Growing up in Evanston, Illinois, Kerry Simon wanted nothing more than to be a musician. To fund his dream, he worked in the kitchen of a chain pizzeria when he fell in love with another art form: food. After cooking around the country and countless media appearances that include InStyle, Rolling Stone, Vanity Fair, as well as stints on Hell's Kitchen and Iron Chef America, where he beat Iron Chef Cat Cora, he's made his home in Vegas where he helms the kitchen of KGB: Kerry’s Gourmet Burgers and is sometimes called the "Rock 'n' Roll Chef". KGB: Kerry's Gourmet Burgers is located inside of Harrah's Las Vegas.
At KGB he puts a gourmet chef's spin on a diner-counter classic. Besides all-natural beef iterations topped with smoked gouda or roasted jalapeños, his culinary staff delights diners with other options that build on the usual beef or patties between the buns, including sides such as "Iron Chef" sliders, tater tots, cotton candy, and Cap'n Crunch milkshakes. His gourmet and colorfully topped burgers are served in a modern yet sultry restaurant lined in exposed brick and warm colors, decorated with Russian propaganda posters from the 1960s. KGB also offers diners a full-service bar.
Seven days a week, world-class DJs bump hip-swaying beats at KOI Lounge, the Strip’s freshest take on the boutique nightclub. Plush lounge seating lines the border of the circular space, which overlooks Planet Hollywood’s sprawling casino, with the spacious, onyx-hued dance floor glittering with gold flecks even in the low lighting. Partiers replenish their energy with the kitchen’s Japanese-inflected cuisine, which—working in tandem with Asian-inspired decor and European bottle service—lends the venue an international vibe typically achieved by serving vials full of international waters.
Seven days a week, world-class DJs bump hip-swaying beats at KOI Lounge, the Strip?s freshest take on the boutique nightclub. Plush lounge seating lines the border of the circular space, which overlooks Planet Hollywood?s sprawling casino, with the spacious, onyx-hued dance floor glittering with gold flecks even in the low lighting. Partiers replenish their energy with the kitchen?s Japanese-inflected cuisine, which?working in tandem with Asian-inspired decor and European bottle service?lends the venue an international vibe typically achieved by serving vials full of international waters.
“Japonais is a culinary experience that blends immense enjoyment with sturdy savoir faire,” declared former Chicago Sun-Times food critic Pat Bruno, writing of the sleek Asian eatery near the edge of the Chicago River. While one coexecutive chef, Jun Ichikawa, lends his expertise to the sushi side of the restaurant’s menu, the other, Gene Kato, designs its selection of hot plates. Together, they churn out traditional and modern dishes—such as the house-specialty Kobe prime rib and Le Quack Japonais, a house-smoked duck slathered in hoisin sauce and mango chutney—whose appeal led Condé Nast to name their establishment one of the top 66 restaurants in the world. Ingredients from both surf and turf star at the sushi bar, which serves options such as spicy king-crab nigiri and a Crazy Veggie roll that insists on wearing its lab coat and goggles at all times. As selections emerge from the kitchen, says Bruno, “the presentations … are elegant … the shapes and swoops of the plates are a feast for the eyes.” The two dining rooms at Japonais meld industrial Japanese design with a touch of European richness. Squares of gold velvet frame an oversize mirror that hangs over the Red Room, the restaurant’s more formal dining space. Across the hall, the Green Room’s slate-and-brick fireplace and whimsical tree centerpieces that occasionally don sweatpants add to its more relaxed atmosphere. Wavy ceiling panels and Lucite chandeliers accentuate the high ceilings that unite the two spaces, hanging over a staircase that leads downstairs to the riverwalk café. There, sheer drapery panels frame views of the Chicago River for those seated on pillow-laden couches and chairs. As they lounge, guests can sip specialty cocktails or enlist the top-shelf liquors to help them win gargling contests against the river.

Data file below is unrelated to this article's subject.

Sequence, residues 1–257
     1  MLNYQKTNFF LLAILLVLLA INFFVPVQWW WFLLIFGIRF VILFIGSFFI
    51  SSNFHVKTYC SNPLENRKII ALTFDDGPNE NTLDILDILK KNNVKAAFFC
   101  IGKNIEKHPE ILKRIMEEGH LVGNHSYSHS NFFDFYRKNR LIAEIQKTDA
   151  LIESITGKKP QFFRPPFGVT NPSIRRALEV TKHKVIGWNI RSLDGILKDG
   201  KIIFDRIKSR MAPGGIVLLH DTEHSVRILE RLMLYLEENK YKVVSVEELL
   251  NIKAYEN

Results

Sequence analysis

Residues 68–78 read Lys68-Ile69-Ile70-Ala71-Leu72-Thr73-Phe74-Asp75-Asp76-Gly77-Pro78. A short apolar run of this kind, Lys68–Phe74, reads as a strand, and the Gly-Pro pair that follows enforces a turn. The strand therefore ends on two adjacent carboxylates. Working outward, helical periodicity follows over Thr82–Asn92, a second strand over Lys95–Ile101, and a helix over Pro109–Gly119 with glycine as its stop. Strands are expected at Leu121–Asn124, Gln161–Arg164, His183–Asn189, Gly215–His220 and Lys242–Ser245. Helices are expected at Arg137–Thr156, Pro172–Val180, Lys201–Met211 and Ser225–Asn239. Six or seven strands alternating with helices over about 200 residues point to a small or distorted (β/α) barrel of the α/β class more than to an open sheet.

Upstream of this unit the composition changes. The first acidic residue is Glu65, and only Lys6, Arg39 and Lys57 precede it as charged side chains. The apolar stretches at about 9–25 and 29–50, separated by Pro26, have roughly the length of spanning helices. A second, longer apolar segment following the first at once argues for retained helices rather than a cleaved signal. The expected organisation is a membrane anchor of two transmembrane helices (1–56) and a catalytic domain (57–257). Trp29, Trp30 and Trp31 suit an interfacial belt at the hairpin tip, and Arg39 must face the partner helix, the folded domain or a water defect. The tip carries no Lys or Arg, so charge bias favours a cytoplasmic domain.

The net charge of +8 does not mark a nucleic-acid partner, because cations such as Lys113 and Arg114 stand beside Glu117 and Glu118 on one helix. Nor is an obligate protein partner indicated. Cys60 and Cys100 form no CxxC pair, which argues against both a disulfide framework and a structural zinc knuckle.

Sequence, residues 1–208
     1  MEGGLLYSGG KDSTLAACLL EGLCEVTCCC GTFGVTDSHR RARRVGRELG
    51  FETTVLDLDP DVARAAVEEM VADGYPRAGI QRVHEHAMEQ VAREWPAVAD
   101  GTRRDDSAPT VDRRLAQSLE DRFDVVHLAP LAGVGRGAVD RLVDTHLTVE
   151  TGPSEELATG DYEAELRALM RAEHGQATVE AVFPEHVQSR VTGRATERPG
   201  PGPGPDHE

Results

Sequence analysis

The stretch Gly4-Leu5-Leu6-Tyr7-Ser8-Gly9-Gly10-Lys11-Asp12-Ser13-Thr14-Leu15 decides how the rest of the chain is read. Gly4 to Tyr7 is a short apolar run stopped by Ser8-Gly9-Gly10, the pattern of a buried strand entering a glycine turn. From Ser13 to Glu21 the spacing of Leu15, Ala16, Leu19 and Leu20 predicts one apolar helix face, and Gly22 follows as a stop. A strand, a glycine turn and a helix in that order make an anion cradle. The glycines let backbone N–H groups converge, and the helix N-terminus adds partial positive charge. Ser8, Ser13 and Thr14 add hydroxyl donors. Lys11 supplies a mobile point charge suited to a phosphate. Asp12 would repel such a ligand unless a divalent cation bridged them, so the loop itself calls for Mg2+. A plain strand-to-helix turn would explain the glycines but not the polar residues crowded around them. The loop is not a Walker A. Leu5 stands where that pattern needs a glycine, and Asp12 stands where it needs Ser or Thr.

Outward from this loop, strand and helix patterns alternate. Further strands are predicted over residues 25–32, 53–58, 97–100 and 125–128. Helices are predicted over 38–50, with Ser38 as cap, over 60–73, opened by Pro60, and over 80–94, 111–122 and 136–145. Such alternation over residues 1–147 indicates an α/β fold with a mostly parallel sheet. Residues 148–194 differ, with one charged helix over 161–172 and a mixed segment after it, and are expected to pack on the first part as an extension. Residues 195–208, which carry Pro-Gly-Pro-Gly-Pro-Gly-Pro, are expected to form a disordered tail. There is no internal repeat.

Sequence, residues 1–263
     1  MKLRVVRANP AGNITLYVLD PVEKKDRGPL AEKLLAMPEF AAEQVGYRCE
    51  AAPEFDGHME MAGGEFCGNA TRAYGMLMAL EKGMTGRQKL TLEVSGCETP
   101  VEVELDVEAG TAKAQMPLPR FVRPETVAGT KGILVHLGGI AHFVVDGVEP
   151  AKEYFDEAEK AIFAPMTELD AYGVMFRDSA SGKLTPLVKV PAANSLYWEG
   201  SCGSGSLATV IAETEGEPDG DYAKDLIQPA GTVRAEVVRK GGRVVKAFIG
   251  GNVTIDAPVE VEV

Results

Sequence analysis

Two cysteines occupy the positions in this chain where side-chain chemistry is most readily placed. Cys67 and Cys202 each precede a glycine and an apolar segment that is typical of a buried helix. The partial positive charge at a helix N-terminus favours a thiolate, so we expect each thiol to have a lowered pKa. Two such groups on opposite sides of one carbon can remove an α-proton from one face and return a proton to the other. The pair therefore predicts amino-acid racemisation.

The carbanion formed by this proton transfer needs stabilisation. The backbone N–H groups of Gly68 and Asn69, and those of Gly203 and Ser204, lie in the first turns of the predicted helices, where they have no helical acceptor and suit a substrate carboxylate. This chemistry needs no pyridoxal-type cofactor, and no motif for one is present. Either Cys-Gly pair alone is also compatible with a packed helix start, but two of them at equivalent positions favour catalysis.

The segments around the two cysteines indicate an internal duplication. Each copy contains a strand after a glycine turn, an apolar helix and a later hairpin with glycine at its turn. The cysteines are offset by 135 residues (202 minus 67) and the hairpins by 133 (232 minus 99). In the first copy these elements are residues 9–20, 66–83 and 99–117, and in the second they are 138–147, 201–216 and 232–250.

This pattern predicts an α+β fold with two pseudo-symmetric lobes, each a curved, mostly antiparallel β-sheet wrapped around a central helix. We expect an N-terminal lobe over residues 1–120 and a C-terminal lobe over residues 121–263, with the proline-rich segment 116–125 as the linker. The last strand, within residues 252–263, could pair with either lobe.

Sushi Roku’s menu is loaded with delicious cuisine and numerous sushi options. Light your appetite’s fuse with a selection of hot and cold appetizers, such as edamame hummus with wonton chips ($8) or the sauteed Chinese green bean dish known as ingen itame ($7). After miso soup with tofu ($4), taste-test the restaurant’s voluminous collection of sushi ($4¬–$10 for two pieces) and sashimi ($8–$20 for four pieces) options, which include freshwater eel, squid, smelt egg, yellowtail, and luck dragon. Hunger assassins artfully disguise themselves as plates of grilled filet mignon served with mashed potatoes and homemade teriyaki sauce ($31), or panko-crusted salmon accompanied by wasabi cream and tonkatsu sauce ($21).
They say what happens in Vega stays in Vegas, and that it’s perfectly acceptable for the experience to be a blur, but Musashi Japanese Steakhouse is an exception. The Japanese steakhouse will leave you remembering the experience and longing to come back for more. It features a menu too long for any person to memorize and hours worthy of its Vegas address. Traditional Japanese dishes are prepared for both your entertainment and your stomach, leaving even the latest dinner satisfied. Musashi Japanese Steakhouse is open until 4am and features a late night happy hour. It is proof that it’s never too late to eat well.